Chicken Pox Symptoms and Treatments

Even though there's now a vaccine, kids can still get chicken pox.

Sleeping child with chickenpox
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Chicken pox (varicella) was once a very common childhood infection. Some 4 million people would get the disease every year, according to the Centers for Disease Control, leading to about 100 deaths annually.

Since the introduction of the chicken pox vaccine, however, the number of chicken pox infections has tumbled. Between 1995, when the vaccine was first introduced and 2005, the number of chicken pox cases in the U.S. had dropped by about 90 percent, the CDC reported.


Chicken pox symptoms are well known by most parents and include an itchy rash that is usually concentrated over the child's chest, abdomen, back, face, and upper arms and legs, a fever that can be as high as 105 degrees, a headache, and lack of appetite.

Although many viral infections can cause a fever and rash, chicken pox causes a very recognizable rash with red bumps that turn into fluid-filled blisters, and scab or crust over. Kids with chicken pox usually get new crops of these red bumps over the first three days of being sick, so that they will have a rash in many different stages of development -- some simple bumps, some blisters, and some scabs. It's a pretty miserable experience, but once a kid's rash has crusted over, they're no longer considered contagious.

It is important to note that a child can get the chicken pox rash almost anywhere, including inside their mouth or on their scalp.


The diagnosis of chicken pox is usually easy if children have the classic rash and fever, especially if they have had recent exposure to someone else with chicken pox within the 10-day to two-week incubation period.

Milder cases can be much more difficult to recognize, particularly if the child has had the chicken pox vaccine.

This can lead to the child having a very mild course of chicken pox. These children have few bumps and usually don't have a fever.


For most kids, once they've got the pox, there's not much to do except ride it out and make them as comfortable as possible. Acetaminophen (brand name Tylenol) is recommended in age-appropriate doses to treat fever. Note that it is very important to avoid aspirin and aspirin-containing products because of the risk of Reye's syndrome.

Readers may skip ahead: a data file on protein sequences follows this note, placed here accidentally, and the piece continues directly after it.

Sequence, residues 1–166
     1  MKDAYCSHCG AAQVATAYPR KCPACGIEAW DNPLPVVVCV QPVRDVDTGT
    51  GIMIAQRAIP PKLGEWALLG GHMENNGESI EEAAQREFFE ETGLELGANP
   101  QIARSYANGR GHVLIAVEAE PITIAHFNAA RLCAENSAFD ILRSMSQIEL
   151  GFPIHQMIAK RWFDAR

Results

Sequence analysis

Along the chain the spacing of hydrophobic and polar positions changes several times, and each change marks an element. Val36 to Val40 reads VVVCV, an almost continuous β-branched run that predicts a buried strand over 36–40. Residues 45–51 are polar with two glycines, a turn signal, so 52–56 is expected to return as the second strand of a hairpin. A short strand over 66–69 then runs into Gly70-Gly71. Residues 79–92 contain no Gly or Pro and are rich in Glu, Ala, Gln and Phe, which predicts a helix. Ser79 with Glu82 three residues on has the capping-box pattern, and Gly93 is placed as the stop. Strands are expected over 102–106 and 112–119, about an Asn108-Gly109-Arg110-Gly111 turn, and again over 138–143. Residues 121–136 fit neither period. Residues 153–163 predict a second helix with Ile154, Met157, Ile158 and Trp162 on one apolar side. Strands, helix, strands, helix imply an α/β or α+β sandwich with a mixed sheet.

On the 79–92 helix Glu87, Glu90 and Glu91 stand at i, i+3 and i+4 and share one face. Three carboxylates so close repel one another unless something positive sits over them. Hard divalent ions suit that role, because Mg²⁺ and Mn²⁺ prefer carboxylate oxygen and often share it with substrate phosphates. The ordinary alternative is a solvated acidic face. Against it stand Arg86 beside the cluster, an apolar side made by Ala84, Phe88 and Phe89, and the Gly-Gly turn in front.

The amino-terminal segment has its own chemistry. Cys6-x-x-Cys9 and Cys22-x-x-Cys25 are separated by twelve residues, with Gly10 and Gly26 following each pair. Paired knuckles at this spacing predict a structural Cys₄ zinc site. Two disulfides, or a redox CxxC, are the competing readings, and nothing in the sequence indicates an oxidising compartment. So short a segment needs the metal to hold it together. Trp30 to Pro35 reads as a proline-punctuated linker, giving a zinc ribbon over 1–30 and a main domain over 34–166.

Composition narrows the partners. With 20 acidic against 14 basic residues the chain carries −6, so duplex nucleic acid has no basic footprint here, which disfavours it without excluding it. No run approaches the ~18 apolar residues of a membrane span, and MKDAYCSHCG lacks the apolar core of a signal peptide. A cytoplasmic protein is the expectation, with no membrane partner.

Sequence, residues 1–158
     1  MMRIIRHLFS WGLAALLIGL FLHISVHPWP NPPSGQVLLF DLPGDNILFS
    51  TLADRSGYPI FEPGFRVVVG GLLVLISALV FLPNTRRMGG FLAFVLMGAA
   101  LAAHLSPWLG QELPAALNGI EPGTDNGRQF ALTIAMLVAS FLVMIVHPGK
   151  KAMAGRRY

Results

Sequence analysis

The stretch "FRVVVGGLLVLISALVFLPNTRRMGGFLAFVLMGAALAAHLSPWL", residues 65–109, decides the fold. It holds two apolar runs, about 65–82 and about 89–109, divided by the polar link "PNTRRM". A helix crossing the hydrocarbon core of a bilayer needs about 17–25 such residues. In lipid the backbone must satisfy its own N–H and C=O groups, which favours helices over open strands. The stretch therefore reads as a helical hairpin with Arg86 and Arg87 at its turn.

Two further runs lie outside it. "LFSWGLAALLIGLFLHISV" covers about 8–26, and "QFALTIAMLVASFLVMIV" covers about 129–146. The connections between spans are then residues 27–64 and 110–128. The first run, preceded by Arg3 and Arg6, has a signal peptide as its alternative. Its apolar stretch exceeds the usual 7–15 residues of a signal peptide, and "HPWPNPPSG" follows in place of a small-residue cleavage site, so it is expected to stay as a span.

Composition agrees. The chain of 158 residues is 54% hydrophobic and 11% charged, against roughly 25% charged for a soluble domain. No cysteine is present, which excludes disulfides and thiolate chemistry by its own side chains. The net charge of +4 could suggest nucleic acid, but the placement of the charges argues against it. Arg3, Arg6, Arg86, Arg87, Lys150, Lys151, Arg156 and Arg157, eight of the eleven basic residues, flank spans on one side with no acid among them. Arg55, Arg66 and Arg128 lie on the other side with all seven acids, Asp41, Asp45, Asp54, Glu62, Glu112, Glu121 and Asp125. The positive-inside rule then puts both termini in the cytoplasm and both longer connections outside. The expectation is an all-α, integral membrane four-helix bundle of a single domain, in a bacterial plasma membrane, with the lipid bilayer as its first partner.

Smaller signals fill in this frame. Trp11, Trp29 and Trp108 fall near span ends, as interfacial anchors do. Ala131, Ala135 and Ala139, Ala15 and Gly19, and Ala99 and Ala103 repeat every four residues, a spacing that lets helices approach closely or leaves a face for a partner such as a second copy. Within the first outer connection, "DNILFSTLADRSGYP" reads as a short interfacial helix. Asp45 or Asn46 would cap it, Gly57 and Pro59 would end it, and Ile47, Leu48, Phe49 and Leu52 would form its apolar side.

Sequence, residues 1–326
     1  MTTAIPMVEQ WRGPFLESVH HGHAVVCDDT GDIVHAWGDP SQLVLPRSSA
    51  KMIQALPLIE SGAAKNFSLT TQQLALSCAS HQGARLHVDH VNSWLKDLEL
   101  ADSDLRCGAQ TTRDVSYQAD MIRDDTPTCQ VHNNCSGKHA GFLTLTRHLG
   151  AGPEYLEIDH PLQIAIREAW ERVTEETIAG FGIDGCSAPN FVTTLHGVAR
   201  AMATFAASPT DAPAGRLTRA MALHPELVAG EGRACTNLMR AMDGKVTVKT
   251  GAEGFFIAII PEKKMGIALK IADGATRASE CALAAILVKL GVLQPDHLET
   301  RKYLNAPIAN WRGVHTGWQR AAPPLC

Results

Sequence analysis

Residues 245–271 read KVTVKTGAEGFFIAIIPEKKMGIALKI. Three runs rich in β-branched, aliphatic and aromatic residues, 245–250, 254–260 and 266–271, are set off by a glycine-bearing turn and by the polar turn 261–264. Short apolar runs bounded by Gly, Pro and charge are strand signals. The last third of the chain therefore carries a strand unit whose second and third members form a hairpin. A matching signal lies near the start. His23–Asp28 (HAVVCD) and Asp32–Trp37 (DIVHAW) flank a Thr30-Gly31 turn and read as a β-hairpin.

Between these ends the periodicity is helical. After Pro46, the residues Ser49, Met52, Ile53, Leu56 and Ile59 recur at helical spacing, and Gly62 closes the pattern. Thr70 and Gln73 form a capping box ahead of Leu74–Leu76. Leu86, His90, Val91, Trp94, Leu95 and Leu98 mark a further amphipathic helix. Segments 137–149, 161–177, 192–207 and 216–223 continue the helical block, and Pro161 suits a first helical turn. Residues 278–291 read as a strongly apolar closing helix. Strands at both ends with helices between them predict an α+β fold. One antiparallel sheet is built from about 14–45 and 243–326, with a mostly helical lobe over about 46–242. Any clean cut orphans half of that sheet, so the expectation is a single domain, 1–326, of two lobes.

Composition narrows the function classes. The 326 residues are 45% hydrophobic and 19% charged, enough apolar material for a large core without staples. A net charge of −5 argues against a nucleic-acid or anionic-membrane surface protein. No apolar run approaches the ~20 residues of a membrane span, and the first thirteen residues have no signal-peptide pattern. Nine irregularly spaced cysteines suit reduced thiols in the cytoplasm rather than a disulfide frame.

For the itching, an oral antihistamine like Benadryl and topical medications like Calamine lotion can provide some relief.

Acyclovir, an antiviral drug that can be used to treat chicken pox, is usually reserved for older teens or other children who are thought to be at risk for severe complications of chicken pox. The main concern is that even when started early in the course of a chicken pox infection and when it is given four times a day, acyclovir only shortens symptoms by about a day or so.


Chicken pox is often thought of as a mild childhood illness. That is why even in this day of a chicken pox vaccine, some parents refuse the vaccine and instead take their kids to "chicken pox parties" so that they can get infected and develop natural immunity.

Unfortunately, chicken pox infections aren't aren't always so mild. Although not common, complications can include pneumonia, encephalitis, Reye's syndrome, hospitalization, and in some cases, even death.

Secondary skin infections are a more common complication of chicken pox and can include infection with S. aureus, MRSA, or group A beta-hemolytic streptococci.

Kids are especially at risk for complications from chicken pox if they have weakened immune systems, like one would see in chemotherapy patients or HIV-positive patients. Congenital chicken pox and neonatal chicken pox can also be serious infections.


Varivax, the chicken pox vaccine, has been available since 1995 to prevent chicken pox vaccines.

It is a live vaccine that is given to children beginning when they are 12 months old. A booster dose of the chicken pox vaccine is also recommended when children are four years old to prevent the mild cases of chicken pox that sometimes occur when kids only get one dose of the vaccine. Older children should get a  booster too, if they didn't get it at age 4.

What to Expect After Infection

After a chicken pox infection, the virus can stay dormant in your child's body. There's a chance it can become reactivated later, causing a varicella zoster shingles infection. Shingles infections are possible, but less common, after receiving the chicken pox vaccine.

Chicken pox scabs can take anywhere from five to 20 days to heal and go away. It is important that your child not pick off these scabs, tempting as it might be, as that can lead to scarring and a secondary.

Although most children become immune to chicken pox once they get infected, it is possible, but rare, to get chicken pox more than once, especially if they got their first infection at a very young age.